BOOK REVIEW: The War of Art by Steven Pressfield

Recommended by many, read by me, and the conclusion? Not so good.

The War of Art: Break Through the Blocks & Win Your Inner Creative Battles by Steven Pressfield is develop in a “self-help” book way that makes a reader to confront about disease of not working, procrastination. I appreciate author’s effort as he starts off with a high node, by making a reader realize the evil and withdrawing power of resistance. He goes on explaining the causes of why we resist to work and it is our conscience which is blocking our creative mind. He then describe ways to overpower the evil of resistance and to continue to do our work. That’s the only positive point I found through the text of this book. Continue reading “BOOK REVIEW: The War of Art by Steven Pressfield”

BOOK REVIEW: Coraline by Neil Gaiman

CoralineCoraline by Neil Gaiman

My rating: 4 of 5 stars

Coraline by Neil Gaiman is like a children’s book, but it’s not only a children’s book. It’s incredibly imaginative, simple and perfectly satisfying.

It’s a short read and could be read in a day. The story is about a little girl called Coraline and her parents who moves into an old house, divided into four flats. Soon she gets bored with the new place, and with her parents being too busy to spend time with her, she goes on to explore her neighborhood. On exploring, Coraline finds a locked door in the drawing-room of her own house. It reveals only a brick wall when she finally opens it, but when she tries again later, a passageway mysteriously appears. Coraline is surprised to find a flat decorated exactly like her own, but strangely different. Continue reading “BOOK REVIEW: Coraline by Neil Gaiman”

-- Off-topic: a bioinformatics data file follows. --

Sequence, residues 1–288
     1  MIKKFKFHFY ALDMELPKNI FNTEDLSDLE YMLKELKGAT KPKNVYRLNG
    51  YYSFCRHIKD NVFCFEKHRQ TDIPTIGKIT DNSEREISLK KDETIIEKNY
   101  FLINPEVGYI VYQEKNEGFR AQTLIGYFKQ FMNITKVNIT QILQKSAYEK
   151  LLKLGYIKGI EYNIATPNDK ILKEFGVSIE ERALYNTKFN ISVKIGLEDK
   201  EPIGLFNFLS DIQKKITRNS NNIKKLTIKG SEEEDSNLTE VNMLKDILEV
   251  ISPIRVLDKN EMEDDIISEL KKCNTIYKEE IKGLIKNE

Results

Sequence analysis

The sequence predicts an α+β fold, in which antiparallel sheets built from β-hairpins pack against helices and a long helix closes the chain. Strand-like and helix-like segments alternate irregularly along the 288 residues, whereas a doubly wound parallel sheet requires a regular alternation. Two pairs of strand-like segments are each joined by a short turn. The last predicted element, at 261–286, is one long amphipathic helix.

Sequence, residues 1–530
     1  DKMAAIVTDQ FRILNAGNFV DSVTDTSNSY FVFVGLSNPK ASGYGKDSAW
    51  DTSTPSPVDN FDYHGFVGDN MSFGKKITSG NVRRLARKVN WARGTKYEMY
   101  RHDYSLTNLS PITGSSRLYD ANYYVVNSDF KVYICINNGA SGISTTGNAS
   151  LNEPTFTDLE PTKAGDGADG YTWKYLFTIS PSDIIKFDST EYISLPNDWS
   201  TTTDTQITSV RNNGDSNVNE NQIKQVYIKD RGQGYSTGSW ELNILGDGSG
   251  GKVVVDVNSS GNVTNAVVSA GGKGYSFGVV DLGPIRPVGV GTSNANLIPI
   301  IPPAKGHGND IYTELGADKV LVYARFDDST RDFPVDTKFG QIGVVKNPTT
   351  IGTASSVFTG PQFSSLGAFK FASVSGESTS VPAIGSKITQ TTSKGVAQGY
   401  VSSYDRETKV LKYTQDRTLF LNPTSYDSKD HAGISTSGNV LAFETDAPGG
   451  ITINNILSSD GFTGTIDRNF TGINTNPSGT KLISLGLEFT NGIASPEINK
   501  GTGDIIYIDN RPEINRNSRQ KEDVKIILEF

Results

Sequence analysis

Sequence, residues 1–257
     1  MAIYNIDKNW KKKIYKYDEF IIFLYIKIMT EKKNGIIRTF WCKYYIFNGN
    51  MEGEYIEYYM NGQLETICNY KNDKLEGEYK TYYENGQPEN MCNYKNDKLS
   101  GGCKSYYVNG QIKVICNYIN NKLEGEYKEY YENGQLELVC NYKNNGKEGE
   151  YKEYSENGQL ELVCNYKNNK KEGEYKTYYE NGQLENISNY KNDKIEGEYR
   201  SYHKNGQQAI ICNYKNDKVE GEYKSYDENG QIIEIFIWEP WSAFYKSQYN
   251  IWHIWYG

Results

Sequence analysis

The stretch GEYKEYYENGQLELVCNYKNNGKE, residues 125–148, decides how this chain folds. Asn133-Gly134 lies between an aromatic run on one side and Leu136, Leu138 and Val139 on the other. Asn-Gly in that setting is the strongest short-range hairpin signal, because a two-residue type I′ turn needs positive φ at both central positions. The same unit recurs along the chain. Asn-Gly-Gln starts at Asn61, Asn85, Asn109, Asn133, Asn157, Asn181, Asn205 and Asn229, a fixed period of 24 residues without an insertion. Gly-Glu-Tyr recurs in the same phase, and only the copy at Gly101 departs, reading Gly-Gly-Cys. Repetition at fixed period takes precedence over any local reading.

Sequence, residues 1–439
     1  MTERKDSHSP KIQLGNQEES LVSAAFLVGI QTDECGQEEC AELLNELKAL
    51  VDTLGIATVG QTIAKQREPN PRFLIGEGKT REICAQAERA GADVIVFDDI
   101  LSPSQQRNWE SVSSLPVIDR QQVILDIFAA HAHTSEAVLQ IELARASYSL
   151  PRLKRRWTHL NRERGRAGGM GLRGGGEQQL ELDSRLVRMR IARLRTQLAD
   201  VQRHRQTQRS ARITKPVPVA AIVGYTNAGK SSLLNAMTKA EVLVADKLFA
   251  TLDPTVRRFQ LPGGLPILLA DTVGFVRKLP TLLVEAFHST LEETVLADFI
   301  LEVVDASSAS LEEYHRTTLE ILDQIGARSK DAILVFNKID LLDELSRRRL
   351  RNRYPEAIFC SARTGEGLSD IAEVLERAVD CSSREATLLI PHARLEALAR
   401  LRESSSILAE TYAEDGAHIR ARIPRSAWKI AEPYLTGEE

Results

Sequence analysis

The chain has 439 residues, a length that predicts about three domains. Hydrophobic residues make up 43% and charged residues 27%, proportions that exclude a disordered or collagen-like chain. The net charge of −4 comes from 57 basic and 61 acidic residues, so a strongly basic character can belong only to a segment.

WHAT James Franco Reads?

When I first saw James Franco on the screen in Oz the Great and Powerful, I though.. hmm… okay. And went off to home without giving it a second thought.

Next time I hear about him, he’s out with a book!


And the book is no memoir of his living days in movies or his nights with women. The book’s a collection of stories, a bit cult. I am talking about Palo Altoset among the Californian streets where Franco spent his own childhood. I remember giving it three out of five but the book was a professional piece of work and I admire his literary voice in that. Next thing I get to know is, he’s done an English major with a creative writing concentration from UCLA and is now  doing PhD in English from YALE University.